Paws for a moment


SIOUX FALLS, S.D. (KELO) — They are committed to helping veterans and first responders.

We’re talking about Big Paws Canine. It’s a national foundation that provides service and therapy dogs for disabled vets and first responders who have been injured in the line of duty.

As a retired military veteran, Ken Laughlin was used to taking orders.

Now he’s the one giving orders to his trained service dog, Macy.

“I’ve had Macy now for a little over six years now,” Laughlin said.

Over that time, the two have created an inseparable bond.

“She’s used mostly as a brace and support dog, basically what that is, if I start to fall that’s what the harness is for, if I start to fall I can grab that, it’ll help me from taking a tumble,” Laughlin said.

Macy was trained and certified as a service dog here at Big Paws Canine in Sioux Falls.

“She gives me that opportunity to be able to get out into the world a little bit more than I used to be, she goes just about everywhere I go,” Laughlin said.

The non-profit has trained over 300 dogs on three different levels.

“First off they learn obedience, second of all public access; meaning how to behave in public with a dog and also tasks, because the definition of a service dog is a dog individually trained to do work or perform a task to assist a person with a disability in their daily life,” director of operations of Midwest Operations of Big Paws CanineGail Dickerson said.

Veteran John Oskar’s service dog is Athena, a four-year-old Bernese Mountain Dog.

“Athena is the name of a Greek Goddess, we couldn’t find any Swiss Goddess’ with a decent name, so we went ahead and chose Athena,” Oskar said.

Like Macy, Athena helps Oskar with his balance.

“Very easy to train, I’m very proud of her,” Oskar said. “She goes with me everywhere, she’s my constant companion and I love her.”

I mean really, look at that face, what’s not to love?

Oskar says, Athena always has his back.

“If I’m standing at a counter, she will lay by my side behind me and if someone is approaching me she’ll stand up to let me know that there’s someone there,” Oskar said.

It takes about two years to certify a dog, but in reality the training never stops.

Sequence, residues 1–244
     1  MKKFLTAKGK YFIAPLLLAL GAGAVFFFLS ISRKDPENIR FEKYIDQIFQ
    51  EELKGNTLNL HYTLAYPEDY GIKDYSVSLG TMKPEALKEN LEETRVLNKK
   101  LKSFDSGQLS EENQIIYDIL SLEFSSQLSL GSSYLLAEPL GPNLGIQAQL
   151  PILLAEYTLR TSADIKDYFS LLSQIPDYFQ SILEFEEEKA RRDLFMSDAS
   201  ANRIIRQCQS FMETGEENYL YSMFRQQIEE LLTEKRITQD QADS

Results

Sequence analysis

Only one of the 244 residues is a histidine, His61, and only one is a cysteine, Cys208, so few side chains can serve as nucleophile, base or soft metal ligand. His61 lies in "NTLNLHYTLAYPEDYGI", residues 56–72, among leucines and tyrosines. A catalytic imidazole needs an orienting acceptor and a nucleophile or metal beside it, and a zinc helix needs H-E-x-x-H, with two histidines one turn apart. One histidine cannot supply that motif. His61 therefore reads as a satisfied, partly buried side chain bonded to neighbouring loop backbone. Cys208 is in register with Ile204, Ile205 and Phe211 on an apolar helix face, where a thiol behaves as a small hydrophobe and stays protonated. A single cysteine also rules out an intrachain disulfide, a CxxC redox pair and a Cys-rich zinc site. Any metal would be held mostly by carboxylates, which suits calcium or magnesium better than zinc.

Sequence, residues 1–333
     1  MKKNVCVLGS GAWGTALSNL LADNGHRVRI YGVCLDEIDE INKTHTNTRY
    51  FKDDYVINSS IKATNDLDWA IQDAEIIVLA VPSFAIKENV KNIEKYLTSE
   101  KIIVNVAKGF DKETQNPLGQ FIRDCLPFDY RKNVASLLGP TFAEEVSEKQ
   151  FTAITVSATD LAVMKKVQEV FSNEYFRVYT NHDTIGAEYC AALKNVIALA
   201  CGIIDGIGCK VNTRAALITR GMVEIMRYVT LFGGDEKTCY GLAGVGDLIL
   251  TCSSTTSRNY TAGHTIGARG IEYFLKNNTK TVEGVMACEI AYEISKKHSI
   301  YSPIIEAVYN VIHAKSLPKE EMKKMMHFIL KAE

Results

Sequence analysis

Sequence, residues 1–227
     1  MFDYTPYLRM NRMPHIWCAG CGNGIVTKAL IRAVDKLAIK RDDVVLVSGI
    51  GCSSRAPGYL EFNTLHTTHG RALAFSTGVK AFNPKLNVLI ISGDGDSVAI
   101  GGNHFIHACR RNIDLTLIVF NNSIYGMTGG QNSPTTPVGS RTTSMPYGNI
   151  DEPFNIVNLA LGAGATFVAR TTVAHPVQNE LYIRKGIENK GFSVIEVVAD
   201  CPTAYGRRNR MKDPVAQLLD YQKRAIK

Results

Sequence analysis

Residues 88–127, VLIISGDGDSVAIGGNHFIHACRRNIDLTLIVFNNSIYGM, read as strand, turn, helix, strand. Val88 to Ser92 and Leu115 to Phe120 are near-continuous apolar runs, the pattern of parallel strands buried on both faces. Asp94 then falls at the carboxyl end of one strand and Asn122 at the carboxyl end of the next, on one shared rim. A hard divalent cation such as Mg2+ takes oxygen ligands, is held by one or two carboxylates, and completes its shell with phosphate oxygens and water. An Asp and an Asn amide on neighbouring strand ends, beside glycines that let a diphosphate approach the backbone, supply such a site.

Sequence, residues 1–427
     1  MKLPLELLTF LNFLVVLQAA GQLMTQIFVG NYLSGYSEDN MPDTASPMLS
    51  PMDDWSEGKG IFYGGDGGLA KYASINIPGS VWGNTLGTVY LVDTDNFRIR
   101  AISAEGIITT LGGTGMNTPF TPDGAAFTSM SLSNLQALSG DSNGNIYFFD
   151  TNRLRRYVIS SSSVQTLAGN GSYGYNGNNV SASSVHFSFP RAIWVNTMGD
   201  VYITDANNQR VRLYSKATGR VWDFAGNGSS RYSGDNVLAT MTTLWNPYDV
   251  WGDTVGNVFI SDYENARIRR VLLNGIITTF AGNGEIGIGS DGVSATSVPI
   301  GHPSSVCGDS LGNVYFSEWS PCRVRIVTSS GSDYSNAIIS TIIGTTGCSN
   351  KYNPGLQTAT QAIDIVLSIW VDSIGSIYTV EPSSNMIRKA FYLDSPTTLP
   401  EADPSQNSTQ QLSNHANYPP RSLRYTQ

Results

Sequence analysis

Because practice makes perfect.

“If you don’t use it, you’ll lose it, that was part of the problem we had when everything shut down with covid, she basically didn’t go anywhere, she stayed in the house and so when they started opening things back up I started taking her back out. I was like, well I got to do some training with her, because she lost a lot of what she had originally done,” Laughlin said.

Big Paws Canine, which has been in Sioux Falls for nine years, is one of only two chapters in the country; the other is in South Carolina.

It’s easy to see why disabled veterans and first responders would come here, but for Dickerson,

“Don’t make me cry, you’re such a bad man,”

…..the rewards for her are priceless.

“First of all, we do our best to work with rescues as much as possible, so seeing these dogs fulfill a purpose in life instead of languishing in a shelter, coming to goodness knows to what end, there’s huge value in that,”

There’s also immeasurable value in seeing veterans, like Laughlin and Oskar, regain some of their freedoms.

“When you see veterans and first responders who are coping with things like PTSD and traumatic brain injury, the thousand-yard stare the person who walks through the door is not the person who leaves through the door after they’ve worked with a dog, so knowing I have a tiny little part in opening their eyes to regain their own power, to get their life back to get out and do what they felt they weren’t able to do up until this point, how do you explain that,” Dickerson said.

You don’t have to, because if you pause for just a moment, this says it all.

To learn more about Big Paws Canine, its mission, and how to donate, click here.

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